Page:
So clearly, in John 14:28, Jesus is not contradicting Himself; He is not saying that He is equal to the Father yet at the same time inferior to the Father. Jesus says that if the disciples truly loved Him, they would rejoice, and not be troubled, by His statement that He is going to return to the Father. Jesus was about to return to Heaven, to the glory that Philippians 2 tells us He temporarily laid aside in order to come to earth and redeem lost sinners. As Paul says, "Therefore God also has highly exalted Him and given him a name that is above every name." Jesus spoke to the Father of this impending event in His prayer in John 17:
Jesus spoke these words, lifted up His eyes to heaven, and said: "Father, the hour has come. Glorify Your Son, that Your Son also may glorify You, as You have given Him authority over all flesh, that He should give eternal life to as many as You have given Him. And this is eternal life, that they may know You, the only true God, and Jesus Christ whom You have sent. I have glorified You on the earth. I have finished the work which You have given Me to do. And now, O Father, glorify Me together with Yourself, with the glory which I had with You before the world was." (John 17:1-5).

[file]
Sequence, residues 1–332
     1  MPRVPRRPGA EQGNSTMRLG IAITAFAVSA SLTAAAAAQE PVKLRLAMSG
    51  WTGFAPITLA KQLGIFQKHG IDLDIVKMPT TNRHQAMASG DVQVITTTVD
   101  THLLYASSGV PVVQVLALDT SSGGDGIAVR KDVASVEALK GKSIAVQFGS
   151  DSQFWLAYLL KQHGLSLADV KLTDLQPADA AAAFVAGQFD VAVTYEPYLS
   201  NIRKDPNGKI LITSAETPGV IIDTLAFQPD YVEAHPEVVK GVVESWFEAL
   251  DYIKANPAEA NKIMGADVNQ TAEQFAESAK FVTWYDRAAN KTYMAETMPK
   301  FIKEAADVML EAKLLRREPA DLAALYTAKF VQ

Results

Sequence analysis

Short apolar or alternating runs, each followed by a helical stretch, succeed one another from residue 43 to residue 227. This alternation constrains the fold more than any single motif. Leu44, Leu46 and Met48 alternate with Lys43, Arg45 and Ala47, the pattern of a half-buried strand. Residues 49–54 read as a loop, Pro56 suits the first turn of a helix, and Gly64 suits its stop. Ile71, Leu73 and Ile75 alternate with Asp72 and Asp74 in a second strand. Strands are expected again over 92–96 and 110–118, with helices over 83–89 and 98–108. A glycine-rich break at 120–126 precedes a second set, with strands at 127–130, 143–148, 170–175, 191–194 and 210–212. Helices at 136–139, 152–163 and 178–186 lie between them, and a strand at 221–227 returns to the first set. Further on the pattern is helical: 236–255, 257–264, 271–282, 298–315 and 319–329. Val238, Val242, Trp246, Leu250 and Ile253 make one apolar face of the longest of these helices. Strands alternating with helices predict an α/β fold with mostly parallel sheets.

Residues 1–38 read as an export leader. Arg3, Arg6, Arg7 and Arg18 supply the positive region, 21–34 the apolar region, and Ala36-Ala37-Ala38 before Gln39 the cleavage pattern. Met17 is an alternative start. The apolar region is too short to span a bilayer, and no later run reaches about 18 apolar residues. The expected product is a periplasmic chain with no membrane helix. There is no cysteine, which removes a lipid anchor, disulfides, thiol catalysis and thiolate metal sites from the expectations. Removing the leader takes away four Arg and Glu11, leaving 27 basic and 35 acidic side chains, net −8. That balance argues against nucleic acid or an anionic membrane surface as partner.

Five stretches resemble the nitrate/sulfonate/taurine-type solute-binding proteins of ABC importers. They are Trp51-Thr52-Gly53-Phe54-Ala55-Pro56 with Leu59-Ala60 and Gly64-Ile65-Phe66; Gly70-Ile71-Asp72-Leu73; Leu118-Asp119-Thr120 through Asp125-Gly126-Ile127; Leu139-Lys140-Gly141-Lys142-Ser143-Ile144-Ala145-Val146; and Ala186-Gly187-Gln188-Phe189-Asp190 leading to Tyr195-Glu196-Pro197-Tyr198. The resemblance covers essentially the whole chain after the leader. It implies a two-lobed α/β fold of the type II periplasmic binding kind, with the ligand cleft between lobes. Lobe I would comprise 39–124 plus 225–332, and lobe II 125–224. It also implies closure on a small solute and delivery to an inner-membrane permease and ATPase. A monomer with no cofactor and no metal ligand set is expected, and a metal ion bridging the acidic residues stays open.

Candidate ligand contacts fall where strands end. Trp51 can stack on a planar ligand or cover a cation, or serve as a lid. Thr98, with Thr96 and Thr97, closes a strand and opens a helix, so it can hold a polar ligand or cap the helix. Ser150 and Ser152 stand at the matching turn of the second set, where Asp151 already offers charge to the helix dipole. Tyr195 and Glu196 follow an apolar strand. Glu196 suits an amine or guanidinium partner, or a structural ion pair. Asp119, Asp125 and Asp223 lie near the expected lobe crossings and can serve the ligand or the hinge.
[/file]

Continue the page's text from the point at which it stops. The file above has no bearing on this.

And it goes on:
When He took on human flesh, Jesus was temporarily "made lower than the angels" (Hebrews 2:9). Like Philippians 2, this speaks of Jesus' status as a servant. But Jesus at the same time remained fully divine. God did not cease to be God. The Second Person of the Godhead voluntarily relinquished only the prerogatives of equality with the Father, and subjected himself to the will of the Father while on earth.
A Human Illustration